Florida task force prosecuted 67 for fraud related to COVID-19

By Andrew Powell | The Center Square Contributor
Financial or taxes fraud. Business report and magnifying glass.
Financial or taxes fraud. Business report and magnifying glass.Vitalii Vodolazskyi/Shutterstock.com

(The Center Square) — The Middle District of Florida United States Attorney’s Office has announced the results of an investigation into fraud related to the COVID-19 pandemic.

In March 2020, the Middle District U.S. Attorney’s Office, along with federal, state, and local law enforcement, combined resources to form the Middle District of Florida COVID-19 Fraud Task Force to investigate and prosecute cases of fraud that happened during the pandemic.

According to the report, the task force has prosecuted 67 defendants since its inception. This includes a former Jacksonville Sheriff’s Office corrections officer charged with wire fraud in April 2023 after allegedly applying for a Paycheck Protection Program loan with a nonexistent babysitting business.

A married couple was charged in June 2023 with fraudulently obtaining PPP loans and Economic Injury Disaster Loans which came to around $2.14 million. The couple used the money to purchase luxury items such as pontoon boats, real estate in Indiana, jewelry, two dogs, and household furnishings and upgrades.

A Fort Myers man was convicted and sentenced after being found guilty of falsely obtaining PPP loans totaling $2.1 million. The money was funneled into a secret account after the loan was approved, and $700,000 was used to buy a 40-foot pleasure boat, while $55,000 was used to buy a horse. To hide his fraud from auditors, the defendant inflated payroll numbers by adding fictitious employees and family members.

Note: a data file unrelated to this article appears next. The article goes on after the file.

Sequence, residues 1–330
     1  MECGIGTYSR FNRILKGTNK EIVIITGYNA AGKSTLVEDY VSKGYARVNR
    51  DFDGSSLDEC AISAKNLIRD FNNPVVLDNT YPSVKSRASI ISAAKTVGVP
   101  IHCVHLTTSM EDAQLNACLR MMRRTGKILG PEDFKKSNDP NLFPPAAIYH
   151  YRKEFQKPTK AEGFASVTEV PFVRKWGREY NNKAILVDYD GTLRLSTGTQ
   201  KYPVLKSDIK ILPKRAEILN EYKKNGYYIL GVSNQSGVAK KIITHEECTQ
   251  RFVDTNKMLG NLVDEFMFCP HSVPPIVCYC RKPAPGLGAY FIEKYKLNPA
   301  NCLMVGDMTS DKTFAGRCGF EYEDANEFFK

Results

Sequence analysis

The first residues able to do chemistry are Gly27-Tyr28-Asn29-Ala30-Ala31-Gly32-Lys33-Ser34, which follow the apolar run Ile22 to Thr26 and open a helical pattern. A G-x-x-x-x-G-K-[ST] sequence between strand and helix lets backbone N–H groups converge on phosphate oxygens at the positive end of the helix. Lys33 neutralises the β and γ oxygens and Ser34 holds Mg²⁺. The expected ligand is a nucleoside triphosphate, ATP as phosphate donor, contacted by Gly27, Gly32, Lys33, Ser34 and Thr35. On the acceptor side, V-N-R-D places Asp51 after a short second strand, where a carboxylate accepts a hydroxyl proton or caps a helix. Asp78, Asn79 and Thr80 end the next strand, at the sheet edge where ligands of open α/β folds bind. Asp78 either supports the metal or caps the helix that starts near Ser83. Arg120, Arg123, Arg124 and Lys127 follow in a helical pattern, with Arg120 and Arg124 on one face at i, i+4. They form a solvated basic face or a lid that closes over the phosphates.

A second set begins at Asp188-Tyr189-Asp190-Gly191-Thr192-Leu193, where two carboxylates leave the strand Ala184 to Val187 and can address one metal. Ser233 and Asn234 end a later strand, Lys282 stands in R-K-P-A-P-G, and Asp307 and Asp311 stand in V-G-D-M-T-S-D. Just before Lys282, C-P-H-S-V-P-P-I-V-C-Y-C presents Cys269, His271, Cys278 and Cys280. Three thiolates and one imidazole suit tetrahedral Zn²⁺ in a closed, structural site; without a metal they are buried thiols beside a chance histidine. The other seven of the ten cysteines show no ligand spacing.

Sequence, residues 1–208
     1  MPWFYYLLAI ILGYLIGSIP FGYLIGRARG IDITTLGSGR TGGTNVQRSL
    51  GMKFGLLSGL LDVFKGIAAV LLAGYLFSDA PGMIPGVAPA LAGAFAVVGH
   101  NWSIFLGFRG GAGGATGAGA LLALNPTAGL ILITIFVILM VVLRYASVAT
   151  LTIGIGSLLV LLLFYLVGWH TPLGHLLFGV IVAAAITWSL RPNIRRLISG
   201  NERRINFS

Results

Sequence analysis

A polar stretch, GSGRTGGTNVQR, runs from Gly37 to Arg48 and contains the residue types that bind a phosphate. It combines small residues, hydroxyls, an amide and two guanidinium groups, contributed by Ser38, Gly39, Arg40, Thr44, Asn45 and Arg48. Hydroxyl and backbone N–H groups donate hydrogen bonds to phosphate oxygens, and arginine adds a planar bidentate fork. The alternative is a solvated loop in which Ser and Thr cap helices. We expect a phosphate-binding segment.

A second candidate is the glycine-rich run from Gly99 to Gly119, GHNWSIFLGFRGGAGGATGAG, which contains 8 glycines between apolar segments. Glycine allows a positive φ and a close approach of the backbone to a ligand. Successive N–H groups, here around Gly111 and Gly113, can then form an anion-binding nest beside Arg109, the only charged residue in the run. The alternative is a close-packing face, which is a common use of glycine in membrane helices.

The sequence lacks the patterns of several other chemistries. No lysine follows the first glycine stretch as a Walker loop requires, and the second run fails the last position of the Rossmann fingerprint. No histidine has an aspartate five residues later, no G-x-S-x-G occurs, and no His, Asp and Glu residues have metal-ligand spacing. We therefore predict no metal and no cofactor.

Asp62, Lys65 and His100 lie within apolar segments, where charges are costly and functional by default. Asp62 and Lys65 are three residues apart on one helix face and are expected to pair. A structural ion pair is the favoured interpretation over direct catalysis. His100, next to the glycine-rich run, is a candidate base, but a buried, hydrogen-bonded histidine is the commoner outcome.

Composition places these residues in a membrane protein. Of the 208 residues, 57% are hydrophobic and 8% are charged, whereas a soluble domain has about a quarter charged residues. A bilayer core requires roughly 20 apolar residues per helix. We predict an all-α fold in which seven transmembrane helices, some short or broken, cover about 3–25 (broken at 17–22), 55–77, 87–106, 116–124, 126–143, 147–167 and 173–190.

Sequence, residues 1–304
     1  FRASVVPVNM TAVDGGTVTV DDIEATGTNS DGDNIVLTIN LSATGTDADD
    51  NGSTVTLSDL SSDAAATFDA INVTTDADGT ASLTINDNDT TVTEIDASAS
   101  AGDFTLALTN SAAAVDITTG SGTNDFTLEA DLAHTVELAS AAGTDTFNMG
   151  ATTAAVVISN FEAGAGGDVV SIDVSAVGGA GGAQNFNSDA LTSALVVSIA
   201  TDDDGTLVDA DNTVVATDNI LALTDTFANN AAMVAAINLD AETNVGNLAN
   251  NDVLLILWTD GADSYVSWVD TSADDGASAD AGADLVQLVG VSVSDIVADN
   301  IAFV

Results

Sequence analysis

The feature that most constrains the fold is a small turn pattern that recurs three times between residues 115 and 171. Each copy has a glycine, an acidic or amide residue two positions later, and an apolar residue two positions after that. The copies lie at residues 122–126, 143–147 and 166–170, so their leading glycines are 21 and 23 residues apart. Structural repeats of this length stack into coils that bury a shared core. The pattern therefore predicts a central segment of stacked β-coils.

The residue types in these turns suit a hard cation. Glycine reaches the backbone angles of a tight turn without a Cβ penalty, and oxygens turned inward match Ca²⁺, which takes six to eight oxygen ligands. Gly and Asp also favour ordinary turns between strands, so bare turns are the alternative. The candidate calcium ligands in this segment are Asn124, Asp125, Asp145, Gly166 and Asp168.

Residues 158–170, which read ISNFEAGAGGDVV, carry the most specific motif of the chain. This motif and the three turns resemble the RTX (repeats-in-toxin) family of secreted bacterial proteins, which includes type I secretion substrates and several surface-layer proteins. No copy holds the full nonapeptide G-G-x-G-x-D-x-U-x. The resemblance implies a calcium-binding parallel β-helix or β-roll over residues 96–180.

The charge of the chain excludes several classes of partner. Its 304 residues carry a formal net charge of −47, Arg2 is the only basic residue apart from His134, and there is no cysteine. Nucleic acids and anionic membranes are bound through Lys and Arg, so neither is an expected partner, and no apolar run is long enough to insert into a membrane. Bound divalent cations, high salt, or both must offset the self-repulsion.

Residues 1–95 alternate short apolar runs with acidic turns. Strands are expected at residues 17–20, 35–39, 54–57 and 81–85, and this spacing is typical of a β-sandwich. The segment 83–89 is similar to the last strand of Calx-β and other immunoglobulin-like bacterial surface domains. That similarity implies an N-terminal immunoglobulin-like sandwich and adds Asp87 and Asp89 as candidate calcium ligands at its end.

"The Middle District of Florida United States Attorney’s Office continues to pursue, investigate, prosecute, and recover money from those engaged in major or sophisticated fraud schemes designed to steal benefits intended for Americans coping with the myriad impacts of the pandemic." U.S. Attorney Roger B. Handberg said in a news release.

Of those who have been sentenced, the amount of money that the defendants fraudulently accessed ranged from $10,000 up to more than $10 million. Sentences imposed also varied, with one defendant charged with conspiracy to commit wire fraud and other offenses while on pretrial release receiving an 11-year term in federal prison.

The report also noted that others yet to be sentenced for bank fraud, racketeering conspiracy, and money laundering could face a maximum prison term of 30 years.

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